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I have a question about the usage of the phrase "improve on". Dictionary definitions suggest that the usage of "improve on" should follow this pattern:

<doer> improve on <result>

So, the phrase "improve on" should involve a doer doing something and producing results, like:

  1. The companies improved on last year's sales.
  2. He improved on last year's performance.

But on the web, I found this:

He will also receive a salary of $70,000, and claims that he won't be taking a pay rise either until the company's profits improve on last year's mark of $2.2 million.

, which has the following pattern:

<result> improve on <result>

, which does not seem to fit dictionary definitions. Could this usage be wrong? Or, could dictionaries be missing a better definition that fits the "<result> improve on <result>" pattern?

  • The company's profits [doer, albeit somewhat abstract] improve on last years's mark [result]. Where's the problem? – Stephie Nov 27 '15 at 21:09
  • @Stephie "Profits" is more a "result" than a "doer". – meatie Nov 27 '15 at 21:23
  • Don't read "logic", read "grammar": who improves on what. And focus only on that snippet. – Stephie Nov 27 '15 at 21:25
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    "Dictionary definitions suggest that the usage of "improve on" should follow this pattern: <doer> improve on <result>" <doer> is an odd looking term in dictionaries, so this idea is your own, perhaps? Could you add a real definition from a dictionary to your question? – Damkerng T. Nov 28 '15 at 4:51
  • @DamkerngT. Then for this, "How a combined PET/CT scan improves on separate scans " is "improve on" used correctly? – meatie Dec 1 '15 at 5:06
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After searching my usual dictionaries I fail to see any definition that uses the terms doer or result.
I presume that what you really mean is subject and (noun) phrase.

Sources vary whether improve on / upon is considered a phrasal verb or not, but the pattern remains constant:

[subject] improve on / upon [noun phrase]

  • Then for this: "How a combined PET/CT scan improves on separate scans", is "improve on" used correctly? – meatie Nov 28 '15 at 7:24
  • Yes it is. The combined scan is better than (understood as "improves the results of") separate scans. – Stephie Nov 28 '15 at 9:29
  • Would this rewrite "How a combined PET/CT scan improves on the results of separate scans" be better? – meatie Dec 1 '15 at 5:35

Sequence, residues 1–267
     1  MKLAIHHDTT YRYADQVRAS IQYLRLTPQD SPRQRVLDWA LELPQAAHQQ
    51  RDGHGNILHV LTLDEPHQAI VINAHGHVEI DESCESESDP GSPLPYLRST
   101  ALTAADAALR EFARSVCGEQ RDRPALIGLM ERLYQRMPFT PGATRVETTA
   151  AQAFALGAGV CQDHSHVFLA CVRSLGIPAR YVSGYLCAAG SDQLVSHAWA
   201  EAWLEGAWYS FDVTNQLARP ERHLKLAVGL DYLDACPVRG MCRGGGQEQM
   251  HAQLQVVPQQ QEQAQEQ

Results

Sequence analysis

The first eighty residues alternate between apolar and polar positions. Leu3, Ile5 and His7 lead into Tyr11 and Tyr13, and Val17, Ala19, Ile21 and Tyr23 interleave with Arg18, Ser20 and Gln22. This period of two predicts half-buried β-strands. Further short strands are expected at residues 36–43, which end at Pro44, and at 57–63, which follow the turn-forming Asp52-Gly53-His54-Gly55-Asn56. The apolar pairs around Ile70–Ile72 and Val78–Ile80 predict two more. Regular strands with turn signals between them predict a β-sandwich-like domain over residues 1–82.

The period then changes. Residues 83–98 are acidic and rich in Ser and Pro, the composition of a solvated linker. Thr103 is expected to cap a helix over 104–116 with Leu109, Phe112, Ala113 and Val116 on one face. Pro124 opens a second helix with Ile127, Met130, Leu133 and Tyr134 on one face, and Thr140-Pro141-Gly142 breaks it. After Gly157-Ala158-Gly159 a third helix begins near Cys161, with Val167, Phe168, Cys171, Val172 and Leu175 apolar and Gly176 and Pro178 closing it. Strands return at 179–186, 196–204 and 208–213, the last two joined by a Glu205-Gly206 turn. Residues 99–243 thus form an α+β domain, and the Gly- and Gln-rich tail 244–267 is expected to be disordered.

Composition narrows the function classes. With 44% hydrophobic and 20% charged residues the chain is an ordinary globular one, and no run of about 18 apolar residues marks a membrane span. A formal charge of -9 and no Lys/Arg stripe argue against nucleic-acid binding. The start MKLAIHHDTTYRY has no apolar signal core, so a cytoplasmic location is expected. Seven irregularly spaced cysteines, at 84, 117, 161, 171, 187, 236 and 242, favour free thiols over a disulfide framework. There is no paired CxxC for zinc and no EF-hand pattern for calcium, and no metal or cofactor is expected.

• @meatie Gut feeling: yes. But I'm no biologist or technician. – Stephie Dec 1 '15 at 6:05
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"Improve on" is a phrasal verb.

The verb improve can be used transitively or intransitively; it means to make something better than before or to become better than before.

The preposition "on" is also used in the sense of "compared with". Look at the entry #22 under "on" in Macmillan Dictionary (This would be a significant improvement on £15 million profit figure achieved last year).

So The following sentences are correct grammatically:

  1. The company has improved on last year's profit.

  2. The company's profit has improved on last year's profit.

The OP's so-called structure result + improve on + result definitely fits well in the sentence #2 mentioned above.

  • Then for this, "How a combined PET/CT scan improves on separate scans " is "improve on" used correctly? – meatie Dec 1 '15 at 5:04
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When you see a seemingly phrasal verb constructed with a verb and a preposition such as improve on, you have to figure out why there is on as it is more likely that the preposition has nothing to do with the verb used. In other words, you have to separate the two words and figure each out.

On in your examples mean:

Having (the thing mentioned) as a basis.

In other words, you can change it to on the basis of, or even compared with.

The companies improved on last year's sales.

It means "this year's sales of the company increased (improved) compared with/on the basis of last year's sales".

He improved on last year's performance.

It means "his performance this year increased (improved) compared with/on the basis of last year's performance".

... until the company's profits improve on last year's mark of $2.2 million.

This means "until the company's profits increase (improve) compared with/on the basis of last year's mark of $2.2 million.

Compared with fits in better than on the basis of, but I put it there for comparison.

As you can see, the subject of the verb improve has nothing to do with the construction.

Edit: Just because improve on something means better than something doesn't necessarily mean that you can apply it to all context. Here, to improve on something means to produce better results in comparison with something. However, if you say, "He improves on her", you can never know what kind of results you are talking about. That's why the sentence doesn't work and you could only guess the meaning.

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